One great thing about RVing is that most factors are directly in your control. So it is not that hard to find an RV trip that can fit almost any budget. Factors like RV model, rent vs. purchase, distance traveled, and campground choices can all be leveraged to your advantage. Here are the five main principles you have to keep in mind while creating your RV budget:

4. RV prices

You can get a spanking new RV for as low as $6000. On the other hand, high-end models can cost as much as $300,000. Think about the financing, if you are taking that route. Find the average cost per night in the RV of your choice by dividing your annual payments by the number of nights you plan to spend in the RV.

If this is not lower than what you would have to pay for a hotel or vacation home, you might want to reconsider your choice.

5. RV maintenance

RV annual maintenance includes winterizing, de-winterizing, and basic servicing. Check with your dealer to find the exact cost of these things. Factor these costs into the overall cost of your RV vacation.

6. Campground Costs

You can opt for national and state park campgrounds that charge as low as $20 per night or go for resorts that charge close to a hundred bucks. There are also private sites that charge you somewhere in between these two figures.

7. Driving Costs

Gas prices can be a massive headache. If you are worried about it, pay close attention to the overall weight of your rig, and the distance you plan to haul it. Buy smaller RVs and stay closer to home to reduce the costs.

8. Food costs

Sticking to your grocery budget is probably the easiest thing to do. The only unforeseen expense here would be the odd occasion when you feel like sampling some local delicacies. And this can be managed pretty easily as well. By planning these meals in advance, you can save even more money.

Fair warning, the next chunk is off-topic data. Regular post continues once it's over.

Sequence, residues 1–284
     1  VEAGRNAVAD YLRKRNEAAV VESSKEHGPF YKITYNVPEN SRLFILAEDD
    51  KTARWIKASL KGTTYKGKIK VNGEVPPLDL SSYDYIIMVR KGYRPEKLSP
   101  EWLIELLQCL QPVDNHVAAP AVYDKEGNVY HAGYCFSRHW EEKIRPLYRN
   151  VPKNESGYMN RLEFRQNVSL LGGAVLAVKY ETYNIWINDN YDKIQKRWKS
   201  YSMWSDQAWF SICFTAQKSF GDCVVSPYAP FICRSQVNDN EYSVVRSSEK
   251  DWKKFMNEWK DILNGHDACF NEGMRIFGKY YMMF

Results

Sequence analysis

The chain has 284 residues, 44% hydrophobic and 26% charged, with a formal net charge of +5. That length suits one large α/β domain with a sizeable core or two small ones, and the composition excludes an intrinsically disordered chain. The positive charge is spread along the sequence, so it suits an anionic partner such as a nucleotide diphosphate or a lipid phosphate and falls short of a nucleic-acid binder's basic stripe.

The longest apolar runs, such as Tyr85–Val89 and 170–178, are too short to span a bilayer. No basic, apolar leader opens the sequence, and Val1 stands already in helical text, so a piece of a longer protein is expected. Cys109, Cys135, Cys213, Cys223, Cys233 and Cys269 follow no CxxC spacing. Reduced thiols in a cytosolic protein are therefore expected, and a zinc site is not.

9. Common Self Discussion

Common Self Discussion

Living on the road in an RV is a true adventure, a nomadic lifestyle you have to experience to understand truly. It can be as expensive or inexpensive as you want, which is one of the charms of RVing for many. As we have already explained, there are many avenues to explore, and many important decisions to be made before embarking on an RV trip.

You have to ask yourself some key questions during this decisionmaking process. Let’s examine those in brief.

Simple 6 Questio​​​​ns to Ask Yourself

If you are not planning to travel on your own, you have to include your fellow RVers in this process as well. These are questions that you have to answer as a couple, or group, whichever is applicable in your case. The questions are:

  1. Do you the full cash in hand for the entire trip, or do you have to work on the way?
  2. Is this going to be a short journey with a definite finish date/destination, or is it going to be an indefinite trip?
  3. Can you survive with modest comforts, or do you need top of the line luxuries?
  4. What kind of campsites do you prefer: rustic and cheap, or backpacking style, or 5-star RV resorts?
  5. Do you have a fixed itinerary with routes and specific destinations, or is it going to be a free-roaming trip?
  6. Have a detailed conversation with your companions and ask these questions. This will go a long way in keeping things smooth for your RV trip planning and execution.

There are dirt cheap RV trailers, and there are ultra luxurious motorhomes. What you pick will depend entirely on your budget and preferences/needs or wants. If you belong that minority blessed with an unlimited budget, you don’t have to worry about anything. But if you belong to the 99%, you will need to watch your budget. You don’t want to end up broke halfway through your RV trip.

10. Motorhome vs. Trailer

Motorhomes are more expensive in every conceivable way. Their asking prices are much higher, and the operating costs, servicing, and maintenance expenses are all pretty steep as well. To add insult to injury, their value also depreciates faster than cheaper RVs.